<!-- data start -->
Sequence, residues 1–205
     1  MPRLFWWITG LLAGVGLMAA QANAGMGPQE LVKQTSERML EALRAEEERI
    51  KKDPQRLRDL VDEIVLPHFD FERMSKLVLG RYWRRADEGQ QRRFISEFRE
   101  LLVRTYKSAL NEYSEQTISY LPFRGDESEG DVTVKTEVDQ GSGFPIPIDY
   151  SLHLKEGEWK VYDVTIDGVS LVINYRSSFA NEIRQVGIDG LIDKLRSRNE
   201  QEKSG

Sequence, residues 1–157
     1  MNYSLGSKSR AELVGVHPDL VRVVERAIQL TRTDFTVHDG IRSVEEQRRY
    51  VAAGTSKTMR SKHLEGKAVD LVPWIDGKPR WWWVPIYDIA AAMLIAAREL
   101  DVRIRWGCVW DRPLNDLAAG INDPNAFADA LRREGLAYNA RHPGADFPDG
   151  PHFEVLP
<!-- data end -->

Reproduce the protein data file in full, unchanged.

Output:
Sequence, residues 1–205
     1  MPRLFWWITG LLAGVGLMAA QANAGMGPQE LVKQTSERML EALRAEEERI
    51  KKDPQRLRDL VDEIVLPHFD FERMSKLVLG RYWRRADEGQ QRRFISEFRE
   101  LLVRTYKSAL NEYSEQTISY LPFRGDESEG DVTVKTEVDQ GSGFPIPIDY
   151  SLHLKEGEWK VYDVTIDGVS LVINYRSSFA NEIRQVGIDG LIDKLRSRNE
   201  QEKSG

Sequence, residues 1–157
     1  MNYSLGSKSR AELVGVHPDL VRVVERAIQL TRTDFTVHDG IRSVEEQRRY
    51  VAAGTSKTMR SKHLEGKAVD LVPWIDGKPR WWWVPIYDIA AAMLIAAREL
   101  DVRIRWGCVW DRPLNDLAAG INDPNAFADA LRREGLAYNA RHPGADFPDG
   151  PHFEVLP